5 September 2019

Kiran Patel says farewell to FASoS

Kiran Patel laughs, only a little apologetically: “The offer was simply too good!” He is leaving Maastricht University for the Ludwig-Maximilians-Universität in Munich, where he will hold the chair in European History and establish an interdisciplinary research centre on Europe and European history. Here, he reflects on his time in Maastricht.

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Critical minds

Patel sees cooperation and interdisciplinarity as vital in an age of specialisation. This September, FASoS will launch the new bachelor’s programme in Digital Society, in which critical thinking will go hand in hand with computing. Graduates will not only be trained in understanding algorithms, but also have a firm grounding in philosophy, history, politics and culture.

“When we started thinking about the programme, we talked to stakeholders from politics and industry, and they all said this is exactly what we need: a bridge between understanding computing and reflecting on its social implications.” This, to Patel, is precisely the strength of a faculty like FASoS, where the humanities and social sciences also draw on concepts from STEM subjects (science, technology, engineering and mathematics).

Informal but too many forms

He is concerned by the increasingly polarised discourse on Dutch higher education. “It would damage the country’s standing”, he says, if the pendulum were to swing too far from internationalisation and English as a language of instruction. “Dutch universities are attractive to international scientists and students precisely because they are so open.”

The more the academic sector expands, the greater the need for transparency and public accountability. Patel understands this. In his roles as head of department and associate dean for research, however, he has been forced to impose an ever-increasing administrative workload on colleagues he considers to be already operating at their limit. Some reforms are useful, but there is a limit, he says. “The Dutch are good at inventing bureaucratic processes which don’t exist in other countries.” The problem derives partly from the political urge to justify higher education and research to taxpayers.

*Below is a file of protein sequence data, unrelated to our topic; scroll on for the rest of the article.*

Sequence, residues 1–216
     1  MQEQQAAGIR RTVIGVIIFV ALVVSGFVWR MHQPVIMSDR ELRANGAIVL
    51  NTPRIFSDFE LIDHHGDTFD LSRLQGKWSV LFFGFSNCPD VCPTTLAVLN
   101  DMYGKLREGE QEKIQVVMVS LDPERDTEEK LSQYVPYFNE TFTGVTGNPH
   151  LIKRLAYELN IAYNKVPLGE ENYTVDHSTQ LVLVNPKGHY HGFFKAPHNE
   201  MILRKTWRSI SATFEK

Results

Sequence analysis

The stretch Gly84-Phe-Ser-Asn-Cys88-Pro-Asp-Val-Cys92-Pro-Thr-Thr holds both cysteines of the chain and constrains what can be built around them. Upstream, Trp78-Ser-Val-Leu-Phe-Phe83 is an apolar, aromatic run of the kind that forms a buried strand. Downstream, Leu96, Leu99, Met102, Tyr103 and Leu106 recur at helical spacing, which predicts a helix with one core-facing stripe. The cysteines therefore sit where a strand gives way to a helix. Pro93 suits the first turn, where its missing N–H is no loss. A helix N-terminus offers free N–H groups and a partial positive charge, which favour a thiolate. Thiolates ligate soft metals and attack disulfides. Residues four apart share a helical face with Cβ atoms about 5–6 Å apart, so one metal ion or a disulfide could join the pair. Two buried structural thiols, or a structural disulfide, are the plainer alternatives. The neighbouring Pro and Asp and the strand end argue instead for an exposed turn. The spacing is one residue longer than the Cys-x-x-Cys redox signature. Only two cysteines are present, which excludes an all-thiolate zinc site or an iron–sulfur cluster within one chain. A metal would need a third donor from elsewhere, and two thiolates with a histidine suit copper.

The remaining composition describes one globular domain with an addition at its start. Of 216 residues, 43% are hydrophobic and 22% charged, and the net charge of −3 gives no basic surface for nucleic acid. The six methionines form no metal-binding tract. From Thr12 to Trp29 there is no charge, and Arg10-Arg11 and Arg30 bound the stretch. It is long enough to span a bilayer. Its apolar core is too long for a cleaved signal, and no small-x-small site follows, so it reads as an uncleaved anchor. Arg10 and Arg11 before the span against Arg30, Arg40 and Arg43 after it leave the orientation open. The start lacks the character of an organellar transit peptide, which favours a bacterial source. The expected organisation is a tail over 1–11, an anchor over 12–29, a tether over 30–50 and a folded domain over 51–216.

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Patel makes the comparison with his native Germany. “There, the education minister is less powerful and the funding bodies are more autonomous. As a result they’re better insulated from kneejerk political reactions aiming to pre-empt public criticism.” He questions the utility of more bureaucracy. “We know from all sorts of studies that you can’t legislate for innovation. The more you try to plan it, the less you’ll get it.”

Cracks in the consensus

What about that other bastion of bureaucracy, the European Union? “The EU has evolved in fits and starts. Despite all the crisis talk, even very recently we’ve seen a deepening of European integration.” There may be cracks in the consensus underpinning the project – and Patel admits to having many concerns about the EU – but he holds up the euro crisis and Brexit as examples of the Union taking a relatively unified position.

There are other positives, too, such as the role played by the European Commissioner for Competition in protecting citizens from corporate interests. More than anything, the parting UM professor is heartened by the EU’s more prominent place in our collective consciousness. “For the longest time, people cared little about the EU. Today, it’s recognised as a forum for decision-making on crucial issues. So it’s not necessarily a bad thing that the EU is becoming ever more politicised.”

By: Florian Raith (text), Paul van der Veer (photography)